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Norwalk Council roundup: Parks master plan, gender neutrality, public safety

A light moment during Tuesday’s Norwalk Common Council meeting on Zoom.

NORWALK, Conn. — On Tuesday, the Norwalk Common Council unanimously:

  • Moved forward with work on a new Recreation & Parks master plan
  • Approved gender neutral language for the City code
  • Approved a simulator for Norwalk Police
  • Provided a training facility for prospective firefighters and heard an update on recruitment

Master plan

Director of Recreation and Parks Nick Roberts has moved on and the Common Council is moving forward on an initiative he began in September 2019, authorizing $249,975 for a consultant to create a new Recreation and Parks master plan.

“I believe the last time a master plan was done for Recreation and Parks was nearly 20 years ago or so. However, we’re finally moving in the right direction. And particularly as the city is growing and our parks and open space will become a more vital resource for recreation and other public uses,” Recreation and Parks Committee Chairwoman Darlene Young (D-District B) said.

Roberts told Council members in 2019 that the department had a “glaring” deficiency, “it currently lacks strategic plans or goals … we don’t even have a mission statement or a vision statement for the parks department.”

“The master plan brings together the needs and wants of the community and sets the course of work for the next 10 years. So while this plan is expensive. … over the next 10 years it will be implemented through various other plans.”

The drive to begin a new plan was ready to go just over a year ago but was held up due to COVID-19 and the uncertainty about how public meetings would be held, he told the Recreation and Parks Committee last week.

Kimley-Horn and Associates will do the work as part of the 2019-20 Recreation and Parks capital budget. The plan can also set department policies, long range goals and initiatives, and help reach goals lined out in the Plan of Conservation and Development, Roberts said in 2019. It, and accreditation, can help get grant funding.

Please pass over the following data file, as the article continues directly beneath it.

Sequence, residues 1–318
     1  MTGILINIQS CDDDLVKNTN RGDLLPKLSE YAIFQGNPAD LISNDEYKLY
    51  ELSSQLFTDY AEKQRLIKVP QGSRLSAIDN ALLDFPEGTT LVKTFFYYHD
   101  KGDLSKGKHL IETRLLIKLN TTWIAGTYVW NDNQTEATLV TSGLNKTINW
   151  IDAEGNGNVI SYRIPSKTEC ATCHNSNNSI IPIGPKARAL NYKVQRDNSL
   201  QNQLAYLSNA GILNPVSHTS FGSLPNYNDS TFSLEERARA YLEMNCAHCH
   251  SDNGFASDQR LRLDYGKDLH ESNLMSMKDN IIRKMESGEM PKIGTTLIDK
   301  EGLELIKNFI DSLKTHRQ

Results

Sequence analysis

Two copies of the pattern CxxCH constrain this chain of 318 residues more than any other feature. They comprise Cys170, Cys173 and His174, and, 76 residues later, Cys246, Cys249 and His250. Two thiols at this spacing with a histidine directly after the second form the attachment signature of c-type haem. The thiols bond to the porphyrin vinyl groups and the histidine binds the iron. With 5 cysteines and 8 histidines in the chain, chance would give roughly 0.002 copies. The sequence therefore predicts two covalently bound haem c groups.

Mayor Harry Rilling brought up accreditation Tuesday. This would bring Recreation and Parks policies and procedures in line with national standards.

Young mentioned the POCD, “the goal of having Norwalk have some of the best Park – City and recreational systems in Connecticut. And the second goal for the park and recreation system to serve residents throughout the city, and most importantly, to protect and manage our natural resources. So I think we are headed in the right direction and look forward to working with Kimley-Horn to get us to that starting point, a roadmap of improvement for our city.”

Recs and Parks oversee 1,200 acres, including 32 parks and 19 school sites and other city-owned property, she said.

 

Gender neutrality

The Council revised its definition of gender. Council member Dominique Johnson (D-At Large) called this “an overdue step into the 21st century” to reaffirm that “all women, trans nonbinary, gender non-conforming, non conforming folks are valued members of the community” are acknowledged in the City code.

It’s a limited step, in that the Council didn’t take on the cumbersome tactic of revising every ordinance but rather “with an efficient use of our resources,” set it up so that all future ordinances would have “gender inclusive language, with an eye toward gender neutrality,” she explained. It’s “bringing our definition of gender in sync with that of the state of Connecticut.

Chapter Seven is now revised to state:

“Gender is defined as a person’s gender-related identity, appearance or behavior, whether or not that gender-related identity, appearance or behavior is different from that traditionally associated with the person’s physiology or assigned sex at birth, which gender­ related identity can be shown by providing evidence including, but not limited to, medical history, care or treatment of the gender-related identity, consistent and uniform assertion of the gender-related identity or any other evidence that the gender-related identity is sincerely held, part of a person’s core identity or not being asserted for an improper purpose.